CLEBURNE – The city of Cleburne has released the following information relating to a hazardous household waste collection:
•A single day collection event for household hazardous waste collection and electronics recycling is scheduled for Saturday, June 6, at Cleburne Municipal Airport, 1650 Airport Drive. Hazardous materials from the city of Cleburne and Johnson County residents will be accepted free from 9-11 a.m.
Burleson and Venus residents are not eligible to participate in the program.
Free electronics recycling will be offered from 9 a.m.-3 p.m. as sponsored by H-E-B and Eco-International. All Johnson County, city of Cleburne residents and small businesses may participate.
A complete listing of acceptable materials is available at www.cleburne.net.
Americans produce 1.6 million tons of household hazardous waste per year.
What exactly is household hazardous waste?
Many chemicals used in our homes are actually considered hazardous. These materials become waste when we want to throw them away. You may wonder why you can’t just throw household hazardous waste in the garbage.
Landfills in Texas won’t accept household hazardous waste because of the dangers connected with them. Placing hazardous waste or any liquid waste in the trash also creates unsafe risks for the sanitation workers who have to handle it. Some examples of these hazardous materials would be oil based paint, motor oil, pesticides, antifreeze, pool chemicals, cleaning chemicals, flea and tick sprays, pet collars and shampoos, bug sprays and baits, mercury thermometers, tub and tile cleaners, nail polish and remover, hydrogen peroxide, isopropyl alcohol and expired or unused pharmaceuticals.
Household hazardous waste can cause risks in your home when some products give off dangerous fumes. They can sometimes even react with other chemicals. Be very careful when handling and storing household hazardous waste products because they can pose a poisoning risk for children.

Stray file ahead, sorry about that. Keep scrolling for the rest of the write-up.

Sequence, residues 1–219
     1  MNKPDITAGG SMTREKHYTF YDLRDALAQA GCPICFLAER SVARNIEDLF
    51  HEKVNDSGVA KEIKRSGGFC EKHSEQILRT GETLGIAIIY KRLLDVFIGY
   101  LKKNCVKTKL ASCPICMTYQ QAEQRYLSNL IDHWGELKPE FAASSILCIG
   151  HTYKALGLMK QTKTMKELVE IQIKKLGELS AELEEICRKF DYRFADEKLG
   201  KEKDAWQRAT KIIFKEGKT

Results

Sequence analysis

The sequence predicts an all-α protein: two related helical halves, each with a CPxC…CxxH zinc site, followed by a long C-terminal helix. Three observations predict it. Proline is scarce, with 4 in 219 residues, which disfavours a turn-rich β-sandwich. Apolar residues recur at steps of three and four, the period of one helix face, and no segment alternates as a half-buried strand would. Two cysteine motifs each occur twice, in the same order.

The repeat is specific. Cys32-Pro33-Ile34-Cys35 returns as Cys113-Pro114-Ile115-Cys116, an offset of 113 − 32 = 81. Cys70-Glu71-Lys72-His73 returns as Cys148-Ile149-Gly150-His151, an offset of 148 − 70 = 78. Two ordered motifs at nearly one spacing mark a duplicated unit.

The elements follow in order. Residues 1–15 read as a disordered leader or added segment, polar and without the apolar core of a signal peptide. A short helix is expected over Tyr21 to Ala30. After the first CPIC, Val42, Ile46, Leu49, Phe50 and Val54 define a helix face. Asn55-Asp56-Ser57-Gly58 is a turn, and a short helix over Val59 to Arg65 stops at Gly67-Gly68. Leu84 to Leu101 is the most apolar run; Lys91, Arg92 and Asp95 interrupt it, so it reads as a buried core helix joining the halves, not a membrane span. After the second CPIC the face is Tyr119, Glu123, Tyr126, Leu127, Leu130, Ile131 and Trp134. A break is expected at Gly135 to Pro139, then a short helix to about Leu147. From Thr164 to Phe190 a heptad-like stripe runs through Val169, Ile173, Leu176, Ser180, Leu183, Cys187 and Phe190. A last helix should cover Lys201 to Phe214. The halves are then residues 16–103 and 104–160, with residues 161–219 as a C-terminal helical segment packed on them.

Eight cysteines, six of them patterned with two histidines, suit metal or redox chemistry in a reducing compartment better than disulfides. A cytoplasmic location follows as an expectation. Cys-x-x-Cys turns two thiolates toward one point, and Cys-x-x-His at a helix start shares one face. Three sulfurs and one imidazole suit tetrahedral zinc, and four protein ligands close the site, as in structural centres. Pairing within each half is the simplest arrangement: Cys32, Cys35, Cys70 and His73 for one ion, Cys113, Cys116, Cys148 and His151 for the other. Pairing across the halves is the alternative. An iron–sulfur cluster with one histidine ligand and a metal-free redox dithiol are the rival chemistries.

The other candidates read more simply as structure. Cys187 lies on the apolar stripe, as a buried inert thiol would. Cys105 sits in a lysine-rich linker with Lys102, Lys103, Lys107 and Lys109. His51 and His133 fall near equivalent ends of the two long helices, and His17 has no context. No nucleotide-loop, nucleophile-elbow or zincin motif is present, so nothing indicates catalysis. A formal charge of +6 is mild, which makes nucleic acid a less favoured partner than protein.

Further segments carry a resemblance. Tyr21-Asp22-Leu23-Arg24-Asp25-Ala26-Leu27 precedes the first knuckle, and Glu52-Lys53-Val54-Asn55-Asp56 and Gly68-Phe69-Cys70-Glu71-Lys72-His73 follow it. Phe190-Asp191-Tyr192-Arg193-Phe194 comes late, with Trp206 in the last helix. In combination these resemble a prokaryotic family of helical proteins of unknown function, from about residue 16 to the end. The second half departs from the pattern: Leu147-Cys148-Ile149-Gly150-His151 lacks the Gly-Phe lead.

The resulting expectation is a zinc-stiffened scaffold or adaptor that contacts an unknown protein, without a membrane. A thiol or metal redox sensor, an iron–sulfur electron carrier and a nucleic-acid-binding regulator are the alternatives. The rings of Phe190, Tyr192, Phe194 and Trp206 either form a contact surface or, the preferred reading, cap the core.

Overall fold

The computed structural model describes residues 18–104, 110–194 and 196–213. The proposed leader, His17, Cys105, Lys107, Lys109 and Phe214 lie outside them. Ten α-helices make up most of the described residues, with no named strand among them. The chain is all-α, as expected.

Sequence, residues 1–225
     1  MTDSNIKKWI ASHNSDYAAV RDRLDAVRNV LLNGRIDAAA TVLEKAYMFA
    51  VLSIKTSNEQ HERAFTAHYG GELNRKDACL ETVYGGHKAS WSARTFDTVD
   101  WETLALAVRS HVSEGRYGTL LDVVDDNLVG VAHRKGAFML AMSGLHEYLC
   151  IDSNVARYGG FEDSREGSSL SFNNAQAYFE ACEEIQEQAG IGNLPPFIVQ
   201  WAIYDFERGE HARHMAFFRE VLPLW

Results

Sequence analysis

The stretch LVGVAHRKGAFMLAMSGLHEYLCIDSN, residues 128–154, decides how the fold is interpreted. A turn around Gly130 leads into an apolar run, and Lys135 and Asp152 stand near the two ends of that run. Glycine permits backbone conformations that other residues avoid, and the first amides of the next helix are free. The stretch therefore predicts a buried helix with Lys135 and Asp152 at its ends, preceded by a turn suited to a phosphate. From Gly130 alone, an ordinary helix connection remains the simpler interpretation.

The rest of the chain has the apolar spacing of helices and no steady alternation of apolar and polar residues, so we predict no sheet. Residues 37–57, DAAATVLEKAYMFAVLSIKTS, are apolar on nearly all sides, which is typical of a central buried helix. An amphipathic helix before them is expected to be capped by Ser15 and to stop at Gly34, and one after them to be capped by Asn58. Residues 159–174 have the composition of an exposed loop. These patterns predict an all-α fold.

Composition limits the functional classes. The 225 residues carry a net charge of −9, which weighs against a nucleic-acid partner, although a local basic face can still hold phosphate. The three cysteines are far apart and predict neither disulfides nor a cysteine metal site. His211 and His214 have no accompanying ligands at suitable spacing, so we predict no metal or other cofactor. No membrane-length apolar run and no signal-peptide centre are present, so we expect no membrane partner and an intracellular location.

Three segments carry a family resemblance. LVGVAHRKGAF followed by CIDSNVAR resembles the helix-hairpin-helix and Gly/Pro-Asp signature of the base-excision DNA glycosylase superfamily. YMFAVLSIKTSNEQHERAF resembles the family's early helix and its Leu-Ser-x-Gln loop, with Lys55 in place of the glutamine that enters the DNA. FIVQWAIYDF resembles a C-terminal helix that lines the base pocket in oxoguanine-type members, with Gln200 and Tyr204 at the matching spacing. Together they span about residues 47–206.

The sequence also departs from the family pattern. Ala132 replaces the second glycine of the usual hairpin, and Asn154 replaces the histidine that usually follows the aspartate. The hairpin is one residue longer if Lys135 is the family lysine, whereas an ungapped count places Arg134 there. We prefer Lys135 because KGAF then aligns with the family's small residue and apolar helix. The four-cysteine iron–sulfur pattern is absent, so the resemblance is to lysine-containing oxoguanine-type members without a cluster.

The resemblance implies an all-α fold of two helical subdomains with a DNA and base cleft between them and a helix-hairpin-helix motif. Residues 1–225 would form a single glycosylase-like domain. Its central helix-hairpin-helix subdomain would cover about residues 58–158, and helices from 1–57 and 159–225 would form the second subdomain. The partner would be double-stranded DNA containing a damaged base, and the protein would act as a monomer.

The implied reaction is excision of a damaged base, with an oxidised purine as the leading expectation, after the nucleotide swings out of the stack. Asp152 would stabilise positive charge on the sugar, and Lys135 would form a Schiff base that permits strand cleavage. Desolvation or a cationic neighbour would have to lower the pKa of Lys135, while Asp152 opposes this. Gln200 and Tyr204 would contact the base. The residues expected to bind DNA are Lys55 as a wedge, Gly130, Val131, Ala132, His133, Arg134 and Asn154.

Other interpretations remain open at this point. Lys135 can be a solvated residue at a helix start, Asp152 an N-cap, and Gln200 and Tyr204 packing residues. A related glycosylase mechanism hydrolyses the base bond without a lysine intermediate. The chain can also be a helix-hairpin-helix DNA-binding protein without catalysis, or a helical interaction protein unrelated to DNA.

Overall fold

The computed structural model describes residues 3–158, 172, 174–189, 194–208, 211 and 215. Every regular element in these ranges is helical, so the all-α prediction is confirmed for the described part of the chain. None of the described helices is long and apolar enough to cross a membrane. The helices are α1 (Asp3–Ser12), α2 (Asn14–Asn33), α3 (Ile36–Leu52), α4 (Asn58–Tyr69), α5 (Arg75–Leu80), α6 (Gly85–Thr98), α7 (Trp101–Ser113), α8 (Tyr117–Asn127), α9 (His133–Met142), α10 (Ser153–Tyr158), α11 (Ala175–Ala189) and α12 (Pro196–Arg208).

Be sure to avoid pouring household hazardous waste down the drain, toilet, onto the ground, into storm drains and septic tanks. Household hazardous waste causes a huge risk to our water supply when improperly disposed, so be certain you manage your waste properly to avoid contaminating our water.
There are several ways to reduce the risks of having household hazardous waste in your home.
The annual household hazardous waste collection event is being held just around the corner, June 6. To avoid the risks these items create in your home, make sure to do a clean sweep through your entire household. Gather up everything that you do not use and bring it in, just this one time.
Do not let these hazardous materials collect in your home in the future. Once you safely discard the items, keep your home hazard-free by replacing hazardous products with environmentally friendly, non-toxic cleaning and pesticide alternatives.
If you really must use products with hazardous components only purchase the amount you need and use it all up or share it with a friend or neighbor. This will avoid creating leftover waste and also save you money.
The best way to manage household hazardous waste is to avoid creating it at all.
Some other materials we often generate around the home, while not hazardous, still cannot be disposed in the trash. There are free, easy, safe, legal methods you can use to safely recycle or dispose of these materials year-round. This will save you time not sitting in line and save the city and county disposal costs associated with the annual household hazardous waste collection event.
Used motor oil can be taken to the store where you purchased it for recycling. Auto Zone, O’Reilly Auto Parts, Napa Auto Parts and Wal-Mart will take back your old oil. Cleburne residents can also take used oil to the city transfer station located on 2625 Pipeline Road.
Vehicle batteries can be recycled at A&A Iron and may even make you a little spending money.
Your used fluorescent light bulbs, which do contain hazardous material, can be recycled at Wal-Mart and Home Depot.
Latex (water-based) paints are non-hazardous so those can be allowed to dry out for disposal. Just open the can (under a roof in case of rain) and let it dry before you throw the can in the trash. Oil-based paints, however, generate hazardous fumes so must be disposed of at a household hazardous waste event.
For more information, call Julie Winchell, environmental coordinator for the city of Cleburne at 817-645-0961 for safe alternatives and recycling/disposal options or check the city Web site at www.cleburne.net.